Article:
The remaining 5% of the deal will be offered to Pakistan retail investors at a price of PKR110 per share, representing a 4.3% discount to the institutional offering, or an effective 3% discount after adjusting for a first quarter dividend payout of PKR1.75 per share that will not be distributed to participants in the retail offering.

Including the retail offer and the overallotment option, the government will sell 430.72 million shares, which will boost the free-float of OGDC to 15% from 5%. The company is already the largest listed company on the Karachi Stock Exchange, accounting for about a quarter of market capitalisation.

One observer referred to the deal as a ômarket opening transactionö because of the large portion of the sale û about $730 million worth of shares - that went into international hands. Prior to this deal, the entire Pakistan market had a foreign ownership of only about $500 million, he says.

ôInvestors like the company because of its strong return on capital and a growth profile in the mid-teens over the next few years, but they also view this as a good liquidity event to buy into an attractive macro economic story,ö the observer says.

Before the launch of the deal, the bookrunners did a Pakistan country roadshow to a variety of places, including the Middle East. The Pakistan story was also further highlighted during the roadshow when MoodyÆs Investors Service upgraded the countryÆs foreign and local currency government bond ratings to B1, putting it on par with the Philippines and Indonesia.

The ratings agency said the upgrade from B2 primarily reflects ôthe ongoing decline in the countryÆs public and external debt ratios (which is) largely the result of a significant structural increase in GDP growth in recent years coupled with a relatively restrained, albeit currently loosening, fiscal policy".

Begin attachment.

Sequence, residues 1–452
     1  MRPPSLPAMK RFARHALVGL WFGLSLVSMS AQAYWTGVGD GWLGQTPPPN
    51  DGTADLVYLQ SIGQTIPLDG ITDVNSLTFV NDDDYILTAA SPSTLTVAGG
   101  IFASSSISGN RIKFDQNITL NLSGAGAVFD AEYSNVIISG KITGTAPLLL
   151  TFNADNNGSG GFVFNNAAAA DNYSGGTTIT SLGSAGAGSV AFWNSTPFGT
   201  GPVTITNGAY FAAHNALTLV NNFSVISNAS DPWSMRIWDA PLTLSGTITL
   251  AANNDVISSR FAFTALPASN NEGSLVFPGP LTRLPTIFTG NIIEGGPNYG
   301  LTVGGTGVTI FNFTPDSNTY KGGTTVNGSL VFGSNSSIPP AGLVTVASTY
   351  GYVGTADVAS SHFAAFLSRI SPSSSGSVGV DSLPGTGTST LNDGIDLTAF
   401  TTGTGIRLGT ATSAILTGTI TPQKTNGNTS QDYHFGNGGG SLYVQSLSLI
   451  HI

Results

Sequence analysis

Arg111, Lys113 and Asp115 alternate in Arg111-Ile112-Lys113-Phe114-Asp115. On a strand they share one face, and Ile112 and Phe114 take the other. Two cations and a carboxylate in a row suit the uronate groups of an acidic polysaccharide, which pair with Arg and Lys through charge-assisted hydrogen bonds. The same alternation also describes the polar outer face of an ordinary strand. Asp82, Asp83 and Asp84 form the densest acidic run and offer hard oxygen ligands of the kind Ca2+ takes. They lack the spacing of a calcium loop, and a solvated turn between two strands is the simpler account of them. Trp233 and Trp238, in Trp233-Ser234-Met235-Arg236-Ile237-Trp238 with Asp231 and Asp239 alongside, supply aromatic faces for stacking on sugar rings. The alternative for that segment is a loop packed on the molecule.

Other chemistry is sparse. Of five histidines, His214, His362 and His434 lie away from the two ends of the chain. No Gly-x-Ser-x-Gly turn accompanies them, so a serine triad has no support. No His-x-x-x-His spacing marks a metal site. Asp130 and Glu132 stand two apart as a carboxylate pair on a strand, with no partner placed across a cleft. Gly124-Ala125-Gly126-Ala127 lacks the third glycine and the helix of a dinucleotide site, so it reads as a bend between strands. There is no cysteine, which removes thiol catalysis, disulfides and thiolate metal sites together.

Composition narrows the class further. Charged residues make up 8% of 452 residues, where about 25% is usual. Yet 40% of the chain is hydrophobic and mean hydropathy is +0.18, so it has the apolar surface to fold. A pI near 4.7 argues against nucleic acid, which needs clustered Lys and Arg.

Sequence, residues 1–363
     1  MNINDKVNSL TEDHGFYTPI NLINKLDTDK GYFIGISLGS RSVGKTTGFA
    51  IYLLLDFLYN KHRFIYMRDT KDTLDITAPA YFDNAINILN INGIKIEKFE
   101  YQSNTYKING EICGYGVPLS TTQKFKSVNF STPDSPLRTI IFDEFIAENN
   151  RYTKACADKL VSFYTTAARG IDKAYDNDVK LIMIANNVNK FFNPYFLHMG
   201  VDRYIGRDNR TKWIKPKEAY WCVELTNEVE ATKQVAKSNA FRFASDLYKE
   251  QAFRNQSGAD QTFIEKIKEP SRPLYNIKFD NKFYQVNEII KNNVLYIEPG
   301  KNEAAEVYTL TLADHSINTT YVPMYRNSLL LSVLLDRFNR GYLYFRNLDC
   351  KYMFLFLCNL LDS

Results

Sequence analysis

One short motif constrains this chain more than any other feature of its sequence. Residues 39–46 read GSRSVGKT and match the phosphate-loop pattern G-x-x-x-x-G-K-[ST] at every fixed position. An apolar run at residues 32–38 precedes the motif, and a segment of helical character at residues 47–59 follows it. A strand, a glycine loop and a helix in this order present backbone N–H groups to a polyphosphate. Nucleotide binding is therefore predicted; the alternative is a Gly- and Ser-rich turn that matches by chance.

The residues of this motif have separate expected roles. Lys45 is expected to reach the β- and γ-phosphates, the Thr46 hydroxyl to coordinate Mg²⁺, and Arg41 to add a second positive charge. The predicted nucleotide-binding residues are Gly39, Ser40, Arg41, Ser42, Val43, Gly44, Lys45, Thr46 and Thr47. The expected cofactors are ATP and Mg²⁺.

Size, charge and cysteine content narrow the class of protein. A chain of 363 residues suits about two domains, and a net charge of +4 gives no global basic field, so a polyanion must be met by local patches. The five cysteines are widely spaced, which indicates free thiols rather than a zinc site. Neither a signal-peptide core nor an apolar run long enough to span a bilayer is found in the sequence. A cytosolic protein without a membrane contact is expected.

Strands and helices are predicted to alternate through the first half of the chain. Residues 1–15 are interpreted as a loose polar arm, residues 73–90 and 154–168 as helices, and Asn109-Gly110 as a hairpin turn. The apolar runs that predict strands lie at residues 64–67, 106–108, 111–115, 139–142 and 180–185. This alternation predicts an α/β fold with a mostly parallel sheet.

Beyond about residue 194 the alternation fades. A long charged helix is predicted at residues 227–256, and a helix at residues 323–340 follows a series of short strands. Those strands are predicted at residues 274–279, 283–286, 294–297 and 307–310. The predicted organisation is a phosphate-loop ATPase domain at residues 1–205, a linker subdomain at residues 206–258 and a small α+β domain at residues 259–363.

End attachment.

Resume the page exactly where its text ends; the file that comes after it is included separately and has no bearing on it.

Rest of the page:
The price of the offering also became more attractive for investors after OGDCÆs share price reversed a speculation-driven four-day spike before an Eid holiday that took it to a high of PKR156 at the end of October from a trading level around PKR130 before the rally. When the government announced details of the share offering on November 12, the share price had retreated to PKR136.50.

The share price continued to fall in the wake of the pricing, losing another 5% to PKR120.85 on Friday, underperforming the 2.2% drop in the benchmark Karachi 100 Index.

Sources say orders came from both Asian-based investors with previous investment experience in Pakistan who are now returning to the South Asian market after a few years of absence, and from accounts putting money into a Pakistan-based company for the first time. About 43% of the institutional offer was allocated to Asian-based accounts, while 32% went to the US, 18% to Europe and 7% to the Middle East.

The latter category (the Middle East) included few names but large-sized orders and according to one source accounted for close to 15% of the demand. European investors comprised primarily large emerging market funds, while the US money came from both EMR funds and funds dedicated to the oil & gas sector.

The retail offering will be arranged by BMA Capital, which was also joint lead manager with Citigroup and Goldman for the entire deal, and will open by mid-December. It is expected to be completed within a few weeks.

The GDSs will start trading on the London Stock Exchange on a conditional basis on December 1 with unconditional trading set to begin on December 6.
¬ Haymarket Media Limited. All rights reserved.